A first look at subcontinental-scale spatial patterns of herbivory on forest landscapes of the Midwest and Northeast US
It is well known that over-browsing of woody plants has pervasive negative effects on forest ecosystems that include biotic homogenization of understory flora, invasion by native and exotic plants, and elimination of palatable tree seedlings. Herbivory stress threatens natural regeneration following stand replacement disturbances. Advance regeneration is often absent in areas with high browsing and compensatory seedling recruitment does not develop until well after herbivory is reduced. Studies that quantify browse for large landscapes are very rare. Existing studies are typically local in scale, use unique sampling protocols, or are not repeated. In addition, public data archives are nearly nonexistent, making follow-up investigation difficult. This has left important questions about geographic distribution and hot spots left unanswered for Midwest and Northeast US forests. To address this, new measurements of browse impact were installed on the US national forest inventory sample grid across 24 states of the Midwest and Northeast in 2012. About 30 percent of the baseline samples (1,700) are currently available and the survey should be complete in 2018. Mapped results provide a first look at herbivory stress across ecoregions, cover types, and states.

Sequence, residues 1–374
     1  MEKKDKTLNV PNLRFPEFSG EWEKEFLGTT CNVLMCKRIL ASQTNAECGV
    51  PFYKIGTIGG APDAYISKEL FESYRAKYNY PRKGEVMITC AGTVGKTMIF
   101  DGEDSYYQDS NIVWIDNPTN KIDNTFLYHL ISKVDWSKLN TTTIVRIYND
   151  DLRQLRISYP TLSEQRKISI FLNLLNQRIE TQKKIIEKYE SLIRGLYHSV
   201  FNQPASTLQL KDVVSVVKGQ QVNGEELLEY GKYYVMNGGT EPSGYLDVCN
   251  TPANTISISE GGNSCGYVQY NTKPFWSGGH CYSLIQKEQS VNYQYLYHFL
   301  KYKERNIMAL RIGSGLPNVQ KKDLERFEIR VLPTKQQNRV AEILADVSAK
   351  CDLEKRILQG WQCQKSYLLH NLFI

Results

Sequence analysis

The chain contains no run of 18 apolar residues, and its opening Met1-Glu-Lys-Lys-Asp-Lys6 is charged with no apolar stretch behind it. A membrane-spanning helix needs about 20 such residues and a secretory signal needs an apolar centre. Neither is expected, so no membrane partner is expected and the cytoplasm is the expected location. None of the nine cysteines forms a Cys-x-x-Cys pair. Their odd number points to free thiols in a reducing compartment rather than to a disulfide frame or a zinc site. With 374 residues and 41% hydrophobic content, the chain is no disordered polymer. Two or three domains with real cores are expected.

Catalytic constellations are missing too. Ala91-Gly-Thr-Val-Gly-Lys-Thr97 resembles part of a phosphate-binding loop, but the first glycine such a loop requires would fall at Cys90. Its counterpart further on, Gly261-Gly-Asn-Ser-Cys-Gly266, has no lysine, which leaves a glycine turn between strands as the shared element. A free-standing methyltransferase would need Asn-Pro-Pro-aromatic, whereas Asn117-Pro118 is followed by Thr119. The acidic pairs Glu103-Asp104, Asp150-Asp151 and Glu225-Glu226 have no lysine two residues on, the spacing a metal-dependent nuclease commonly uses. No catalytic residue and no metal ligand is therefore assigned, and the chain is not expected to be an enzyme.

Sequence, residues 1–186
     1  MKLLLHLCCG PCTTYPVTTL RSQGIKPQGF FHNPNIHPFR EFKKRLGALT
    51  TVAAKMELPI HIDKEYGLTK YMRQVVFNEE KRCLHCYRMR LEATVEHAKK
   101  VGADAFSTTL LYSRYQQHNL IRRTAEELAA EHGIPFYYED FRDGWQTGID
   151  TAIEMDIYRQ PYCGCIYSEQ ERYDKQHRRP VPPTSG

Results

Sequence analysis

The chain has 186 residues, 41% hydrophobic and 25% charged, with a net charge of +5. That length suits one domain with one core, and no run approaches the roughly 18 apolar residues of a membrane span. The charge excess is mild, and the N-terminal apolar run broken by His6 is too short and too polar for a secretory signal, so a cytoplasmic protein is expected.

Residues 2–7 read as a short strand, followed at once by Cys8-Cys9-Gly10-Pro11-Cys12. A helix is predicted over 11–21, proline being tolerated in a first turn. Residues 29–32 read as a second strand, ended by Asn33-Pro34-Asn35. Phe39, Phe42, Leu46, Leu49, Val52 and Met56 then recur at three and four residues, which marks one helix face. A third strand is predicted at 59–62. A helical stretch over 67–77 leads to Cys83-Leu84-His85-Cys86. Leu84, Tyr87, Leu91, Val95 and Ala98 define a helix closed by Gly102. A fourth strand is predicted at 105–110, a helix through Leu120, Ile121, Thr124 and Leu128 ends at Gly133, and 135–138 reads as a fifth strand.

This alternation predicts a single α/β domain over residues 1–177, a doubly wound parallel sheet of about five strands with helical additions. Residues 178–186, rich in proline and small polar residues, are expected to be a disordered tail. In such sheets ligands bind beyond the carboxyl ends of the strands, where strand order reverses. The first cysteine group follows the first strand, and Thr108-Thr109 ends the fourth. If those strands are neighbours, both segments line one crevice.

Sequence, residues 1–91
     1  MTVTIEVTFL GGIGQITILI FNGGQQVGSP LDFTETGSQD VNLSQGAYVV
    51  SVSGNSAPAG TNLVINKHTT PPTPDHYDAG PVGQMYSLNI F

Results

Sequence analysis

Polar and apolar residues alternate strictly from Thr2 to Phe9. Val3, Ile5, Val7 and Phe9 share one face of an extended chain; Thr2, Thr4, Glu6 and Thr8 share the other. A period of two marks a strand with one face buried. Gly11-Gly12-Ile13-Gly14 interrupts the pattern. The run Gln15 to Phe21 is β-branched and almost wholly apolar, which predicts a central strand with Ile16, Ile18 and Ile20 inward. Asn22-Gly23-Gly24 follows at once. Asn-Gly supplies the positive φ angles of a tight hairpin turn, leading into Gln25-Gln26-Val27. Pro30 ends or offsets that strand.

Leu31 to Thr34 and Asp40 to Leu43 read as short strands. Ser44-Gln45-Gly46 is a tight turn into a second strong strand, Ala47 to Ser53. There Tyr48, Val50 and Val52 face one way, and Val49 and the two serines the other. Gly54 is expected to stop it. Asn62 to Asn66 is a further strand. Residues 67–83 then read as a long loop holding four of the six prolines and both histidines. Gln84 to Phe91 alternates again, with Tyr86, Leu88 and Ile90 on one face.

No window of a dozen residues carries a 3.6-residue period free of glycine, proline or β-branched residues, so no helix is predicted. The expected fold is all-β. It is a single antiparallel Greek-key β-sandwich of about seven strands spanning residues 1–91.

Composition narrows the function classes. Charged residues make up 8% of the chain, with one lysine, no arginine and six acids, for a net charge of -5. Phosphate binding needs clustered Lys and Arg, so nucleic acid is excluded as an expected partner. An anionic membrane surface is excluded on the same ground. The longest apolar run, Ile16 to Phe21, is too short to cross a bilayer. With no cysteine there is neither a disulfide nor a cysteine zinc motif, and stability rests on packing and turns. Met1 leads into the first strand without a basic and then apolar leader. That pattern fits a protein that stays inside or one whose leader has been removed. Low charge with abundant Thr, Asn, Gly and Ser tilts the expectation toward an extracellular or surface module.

The results indicate that about two-thirds of the samples had at least medium browsing of understory plants. One out of ten acres of forest, or about 22 million acres, had high impacts that will likely alter compositional and structural trajectories for understory vegetation and tree reproduction. Rate of occurrence of high-impact samples was highest in the Laurentian Mixed Forest, Eastern Broadleaf, and Central-New England Mixed Forest-Coniferous Forest-Alpine Meadow provinces and the Adirondack Highlands section. Deciduous forests were characterized by higher prevalence of high-impact samples than coniferous forests. Quercus/Carya was the group with the highest frequency of high-impact samples (18 percent) representing over 11 million acres of forest land. High-impact samples were most frequent in Pennsylvania, Wisconsin, and the Upper Peninsula of Michigan; and for sub-regions of New York, Ohio, and West Virginia. Roughly half the samples in Delaware, New Jersey, and Maryland had high impact; however, this needs to be clarified by further sampling. The findings suggest that treatments to control competing vegetation, available light, and browse will be required to replace native forests under herbivory stress for large geographic areas within the study region.